30 Aces in 30 Days — Matthew Boyd

With the return of baseball (hopefully) coming in the next couple of months, I want to take this time to feature each team’s “Ace”. The format I will be going by is worst to first, so I will be starting with the Tigers and ending with the Nationals. Because many big-name pitchers changed teams over the offseason, many fans will see new Aces leading their team’s staff. My goal is that this can give everyone something to look forward to when their top guy toes the rubber on Opening Day.

However, we start with a guy Detriot fans know quite well, but may not realize how close he actually is to a breakout.

After years of trying to induce weak contact, it seems Boyd decided to change his approach last season. Boyd went from a K% of 22.4% in 2018 to 30.2% in 2019. This is a trend in the right direction and usually correlates with success, but he did not see his ERA drop significantly as a result. It’s easy to say analytics failed him, but I would argue his transformation from a weak-contact pitcher to a swing-and-miss pitcher is not yet complete. There is one glaring issue I see that holding him back from a true breakthrough.

Boyd’s four-seam fastball is just a tick under major league average in terms of velocity, but his spin rate is not. Boyd averaged 2383 RPMs compared to the major league four-seam average of 2200 RPMs. And, not only is Boyd’s four-seam in the “high spin” category, but it is also highly efficient. Boyd is 95% spin efficient with his four-seam. This means his four-seam will experience much less “drop” than other pitchers given that he has a high spin rate, and most of that spin is in such a way that it translates to movement. This gives the illusion that the ball is “carrying” leading hitters to swing under it.

This “carry” is what four-seam fastball throwing pitchers want. It allows them to command the top of the strike zone and also allows them to tunnel their off-speed pitches to the lower corners of the zone. However, this is where Boyd struggles. When looking at a heatmap of where Boyd throws his four-seam, I see that he is mainly smack-dab in the middle of the strike zone. No reasonable amount of spin rate or velocity is really going to help a pitcher there. For Boyd to really break out, he should start focusing on the top third of the zone. It’s very apparent that his changeup and slider are above-average pitches, and throwing high four-seam fastballs will only make them better.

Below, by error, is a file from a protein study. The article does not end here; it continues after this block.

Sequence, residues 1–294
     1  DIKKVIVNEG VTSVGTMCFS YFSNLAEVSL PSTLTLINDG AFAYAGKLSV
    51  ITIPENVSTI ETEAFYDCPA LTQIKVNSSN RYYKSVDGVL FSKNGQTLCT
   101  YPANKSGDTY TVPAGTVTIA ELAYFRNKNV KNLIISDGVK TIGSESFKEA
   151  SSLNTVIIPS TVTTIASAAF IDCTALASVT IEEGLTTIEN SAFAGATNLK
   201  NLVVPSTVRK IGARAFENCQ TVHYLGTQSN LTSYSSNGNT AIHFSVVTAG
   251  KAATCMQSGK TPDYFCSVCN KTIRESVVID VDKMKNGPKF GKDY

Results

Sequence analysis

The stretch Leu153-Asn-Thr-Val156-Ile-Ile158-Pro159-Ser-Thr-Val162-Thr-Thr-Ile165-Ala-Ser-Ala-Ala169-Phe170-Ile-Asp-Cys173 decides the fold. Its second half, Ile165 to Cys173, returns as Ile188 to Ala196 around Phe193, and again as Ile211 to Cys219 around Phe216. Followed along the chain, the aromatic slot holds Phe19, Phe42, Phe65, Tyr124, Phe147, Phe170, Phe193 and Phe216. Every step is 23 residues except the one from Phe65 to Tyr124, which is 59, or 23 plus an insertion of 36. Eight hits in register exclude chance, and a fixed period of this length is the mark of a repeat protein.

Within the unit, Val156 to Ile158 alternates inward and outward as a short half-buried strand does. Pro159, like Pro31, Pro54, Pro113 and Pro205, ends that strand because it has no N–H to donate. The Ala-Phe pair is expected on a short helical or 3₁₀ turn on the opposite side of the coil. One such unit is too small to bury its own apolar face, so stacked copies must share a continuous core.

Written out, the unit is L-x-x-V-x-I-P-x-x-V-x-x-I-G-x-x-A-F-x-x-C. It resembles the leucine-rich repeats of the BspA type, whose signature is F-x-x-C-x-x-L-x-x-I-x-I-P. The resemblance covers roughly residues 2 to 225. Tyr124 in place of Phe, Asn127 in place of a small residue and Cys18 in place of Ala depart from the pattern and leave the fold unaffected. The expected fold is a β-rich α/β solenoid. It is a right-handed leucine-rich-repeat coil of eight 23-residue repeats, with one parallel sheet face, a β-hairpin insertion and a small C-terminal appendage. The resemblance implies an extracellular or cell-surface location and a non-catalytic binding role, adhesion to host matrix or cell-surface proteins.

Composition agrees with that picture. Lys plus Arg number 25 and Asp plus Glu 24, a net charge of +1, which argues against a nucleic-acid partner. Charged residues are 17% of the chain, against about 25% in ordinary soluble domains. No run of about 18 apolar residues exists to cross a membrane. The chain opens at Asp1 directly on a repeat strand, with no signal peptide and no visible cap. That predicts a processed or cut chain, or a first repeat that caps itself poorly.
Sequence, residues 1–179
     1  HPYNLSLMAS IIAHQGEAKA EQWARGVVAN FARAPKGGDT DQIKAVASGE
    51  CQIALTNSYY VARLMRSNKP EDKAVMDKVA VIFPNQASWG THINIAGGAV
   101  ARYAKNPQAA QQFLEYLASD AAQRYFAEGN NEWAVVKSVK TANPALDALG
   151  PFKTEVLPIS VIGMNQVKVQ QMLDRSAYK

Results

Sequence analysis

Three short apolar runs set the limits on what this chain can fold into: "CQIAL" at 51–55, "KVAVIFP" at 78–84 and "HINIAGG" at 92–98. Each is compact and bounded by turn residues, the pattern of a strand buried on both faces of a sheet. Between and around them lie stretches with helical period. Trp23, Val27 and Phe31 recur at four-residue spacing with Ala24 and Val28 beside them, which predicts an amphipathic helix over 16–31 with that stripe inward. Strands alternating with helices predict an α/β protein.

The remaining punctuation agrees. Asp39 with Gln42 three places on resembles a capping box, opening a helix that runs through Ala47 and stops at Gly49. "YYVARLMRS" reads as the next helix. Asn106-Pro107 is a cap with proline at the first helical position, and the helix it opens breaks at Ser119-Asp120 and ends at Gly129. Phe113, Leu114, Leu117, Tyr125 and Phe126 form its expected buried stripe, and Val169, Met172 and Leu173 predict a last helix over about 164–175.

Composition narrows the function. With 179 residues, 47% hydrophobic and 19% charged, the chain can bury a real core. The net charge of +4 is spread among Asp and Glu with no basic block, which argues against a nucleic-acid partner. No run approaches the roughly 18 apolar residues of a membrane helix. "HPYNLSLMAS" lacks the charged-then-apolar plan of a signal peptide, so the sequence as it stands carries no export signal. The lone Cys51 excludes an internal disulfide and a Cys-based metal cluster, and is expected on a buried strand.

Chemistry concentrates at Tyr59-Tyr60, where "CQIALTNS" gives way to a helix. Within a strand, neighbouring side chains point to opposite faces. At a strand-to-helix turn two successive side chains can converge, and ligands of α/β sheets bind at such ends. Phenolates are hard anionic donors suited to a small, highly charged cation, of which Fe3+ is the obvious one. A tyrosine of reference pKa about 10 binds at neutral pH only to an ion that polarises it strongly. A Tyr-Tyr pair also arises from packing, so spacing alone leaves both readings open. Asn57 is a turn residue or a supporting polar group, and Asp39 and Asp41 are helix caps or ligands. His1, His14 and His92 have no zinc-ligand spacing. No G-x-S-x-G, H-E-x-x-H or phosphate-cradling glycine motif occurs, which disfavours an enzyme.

Boyd’s slider is his strikeout pitch. Last season he had an astonishing whiff rate of 43.4% on it. Why is that though? Well, he has what we call a “gyroscopic” slider. Or a slider that spins much like a football. This spin does not lead to the slower, more loopy break like a curveball, but a much later and sharper break. Boyd’s success with his slider alone has allowed him to become the Ace of Detriot.

His changeup is a pitch I wish he would throw more. It really is a great pitch for him. It moves very similarly to his four-seam horizontally, but it differentiates itself vertically as well as velocity wise. This allows his changeup to look very similar to his fastball until it falls off the table and hitters end up swinging in front of it or above it, leading to swings and misses, or weak contact if there is contact at all.

If Boyd can successfully command the top third of the zone with his four-seam, he can increase swings and misses against it, but also increase the effectiveness of his offspeed. Boyd is only one more small change away from breaking out as the Ace of Detriot and becoming a name to know around Major League Baseball.

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